Ricky Gene Rodgers, 57, of Winfield died Wednesday, Nov. 18, 2015, at Henry County Health Center.
Born June 30, 1958, in Mount Pleasant, he was the son of Glen and Jean Patterson Rodgers. On June 30, 1990, he married Lorelei Dumler.
Mr. Rodgers was a lifelong farmer, owned and operated Rick’s Auto Body in Wayland and Winfield, worked at BlueBird Midwest for 16 years and worked for the city of Winfield for the past 11 years.
He was a lifelong citizen of Winfield, a 1976 graduate of Winfield-Mount Union High School, earned an auto-body degree from Southeastern Community College and earned a degree in cooling and refrigeration from Indian Hills Community College.
He was a member of Winfield First Presbyterian Church.
He enjoyed his girls and his Yorkie, Abigail Grace.
Survivors include his wife; three daughters, Kara Marie Rodgers, Taylor Jean Rodgers and Haley Ann Rodgers, all of Winfield; three sisters, Ann Freyenberger of Ainsworth; Laurie Kauffman of Wayland; Janet Reynolds of Winfield; two brothers, Terry Rodgers of Wayland and Tony Rodgers of Winfield; and 26 nieces and nephews;
He was preceded in death by his parents, one brother and two uncles.
Visitation will be from 4 to 7 p.m. at Winfield First Presbyterian Church.
The funeral for Mr. Rodgers will be at 1 p.m. Tuesday at Winfield-Mount Union school gym, with Pastor Michael Scudder officiating. Interment will follow in Winfield-Scott Township Cemetery.
A general memorial has been established in his name.
Honts Funeral Home in Winfield is in charge of arrangements.
Earlier this month, bipartisan legislation that would reauthorize the Pipeline Safety Act was introduced in the U.S. Senate. The bill, entitled the “Securing America’s Future Energy: Protecting our Infrastructure of Pipelines and Enhancing Safety Act” is also known by the somewhat more concise “Safe PIPES Act.”
Several key provisions of The Safe PIPES Act include:
Caught-in and struck-by hazards are among the top four leading causes of fatalities in construction. One of the most deadly work practices is being within the swing radius of heavy equipment. The swing radius is the entire circle from a given point that parts of the equipment may move within. Generally, when we think of swing radius we picture the superstructure of a crane but the movement of any boom, bucket, or cab is also included. Basic safety rules must be followed when working within the equipment’s danger zone.
Always be aware of your surroundings when working around heavy equipment. Do not become distracted; avoid talking on your cell phone unless it’s work related.
Some workplace hazards have an immediate effect, causing an injury or illness you can’t miss. Others, such as asbestos, take many years to do their damage.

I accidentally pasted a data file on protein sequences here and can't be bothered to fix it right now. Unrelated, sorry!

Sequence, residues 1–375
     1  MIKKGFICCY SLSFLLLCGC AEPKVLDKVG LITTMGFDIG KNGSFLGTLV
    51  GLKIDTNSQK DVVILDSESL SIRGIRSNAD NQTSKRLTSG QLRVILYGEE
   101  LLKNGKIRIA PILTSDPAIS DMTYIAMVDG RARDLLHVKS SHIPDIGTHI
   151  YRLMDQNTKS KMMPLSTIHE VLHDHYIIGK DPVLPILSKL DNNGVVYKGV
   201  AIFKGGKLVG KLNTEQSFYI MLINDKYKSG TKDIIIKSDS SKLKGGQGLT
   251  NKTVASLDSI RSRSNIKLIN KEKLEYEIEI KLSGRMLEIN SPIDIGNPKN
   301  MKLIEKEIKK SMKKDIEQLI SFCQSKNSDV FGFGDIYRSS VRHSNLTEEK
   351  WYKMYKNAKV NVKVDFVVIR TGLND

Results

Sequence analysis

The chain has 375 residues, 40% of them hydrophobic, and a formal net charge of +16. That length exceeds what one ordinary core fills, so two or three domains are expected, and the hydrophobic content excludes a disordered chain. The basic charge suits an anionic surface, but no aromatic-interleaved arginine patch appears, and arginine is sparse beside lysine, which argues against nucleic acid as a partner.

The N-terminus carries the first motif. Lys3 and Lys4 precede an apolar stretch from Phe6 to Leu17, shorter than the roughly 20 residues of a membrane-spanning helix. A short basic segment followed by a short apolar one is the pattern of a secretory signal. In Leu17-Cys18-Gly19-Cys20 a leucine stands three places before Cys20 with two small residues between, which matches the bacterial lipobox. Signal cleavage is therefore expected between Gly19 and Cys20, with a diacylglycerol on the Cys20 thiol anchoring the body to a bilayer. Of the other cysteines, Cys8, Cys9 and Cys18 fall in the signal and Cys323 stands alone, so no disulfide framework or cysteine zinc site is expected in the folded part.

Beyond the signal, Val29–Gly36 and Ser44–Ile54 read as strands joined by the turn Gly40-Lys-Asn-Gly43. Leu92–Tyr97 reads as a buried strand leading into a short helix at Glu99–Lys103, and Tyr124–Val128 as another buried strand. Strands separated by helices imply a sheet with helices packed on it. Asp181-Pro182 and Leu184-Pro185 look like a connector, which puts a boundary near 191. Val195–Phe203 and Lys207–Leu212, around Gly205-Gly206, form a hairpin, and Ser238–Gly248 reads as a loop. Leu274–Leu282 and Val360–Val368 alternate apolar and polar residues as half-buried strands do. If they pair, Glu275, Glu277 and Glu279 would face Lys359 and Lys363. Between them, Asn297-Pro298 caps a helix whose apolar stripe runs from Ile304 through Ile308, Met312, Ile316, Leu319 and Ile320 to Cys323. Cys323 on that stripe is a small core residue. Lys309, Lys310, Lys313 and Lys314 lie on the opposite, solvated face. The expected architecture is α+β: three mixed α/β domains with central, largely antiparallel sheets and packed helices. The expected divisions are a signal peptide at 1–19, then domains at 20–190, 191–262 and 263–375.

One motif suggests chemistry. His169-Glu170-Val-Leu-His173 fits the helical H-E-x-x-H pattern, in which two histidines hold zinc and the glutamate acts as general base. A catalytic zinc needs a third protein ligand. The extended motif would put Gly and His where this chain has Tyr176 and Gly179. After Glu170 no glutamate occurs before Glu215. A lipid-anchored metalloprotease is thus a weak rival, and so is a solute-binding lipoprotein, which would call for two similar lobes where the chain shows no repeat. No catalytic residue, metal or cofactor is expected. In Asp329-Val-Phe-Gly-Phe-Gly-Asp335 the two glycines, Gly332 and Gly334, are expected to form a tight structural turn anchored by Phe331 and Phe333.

Asbestos is a naturally-occurring mineral used for fireproofing and many other applications. It is mined from rock in the form of a fiber that can be spun or woven into fabric and other products. Its many qualities led to widespread use before the serious health effects were common knowledge. Asbestos doesn't burn. It’s flexible, strong, resistant to chemical damage, an insulator against heat and inexpensive.
Variety Distributors, INC (VDI) of Harlan received an award from the Iowa Association of Municipal Utilities (IAMU) for energy efficiency measures taken over the last year.
Nominated by Harlan Municipal Utilities (HMU) for an extensive lighting retrofit project, VDI was one of five recipients of an award presented at the annual IAMU Energy Conference held November 4th and 5th in Des Moines.
The risks in charging an industrial battery?
The charging of lead-acid batteries can be hazardous. However, many workers may not see it that way since it is such a common activity in many workplaces. The two primary risks are from hydrogen gas formed when the battery is being charged and the sulfuric acid in the battery fluid.
For specific guidelines regarding large industrial batteries, check with the manufacturer for recommended safe work procedures.
YES carried the day in Decorah and Vinton on November 3rd as voters approved the establishment of municipal communications utilities by overwhelming margins.
In Decorah, 93% voted yes to Measure A to establish a municipal communications utility. 92% voted yes for Measure B, which places the governance of the communications utility under a new utility board. In Vinton, Measure A to establish a municipal communications utility passed with a yes vote of 88%. Measure B, to place the new utility under the Vinton Municipal Electric Board, received 83% approval. A simple majority was required to approve the measures. All of the results are considered unofficial until certified by their local county auditors offices.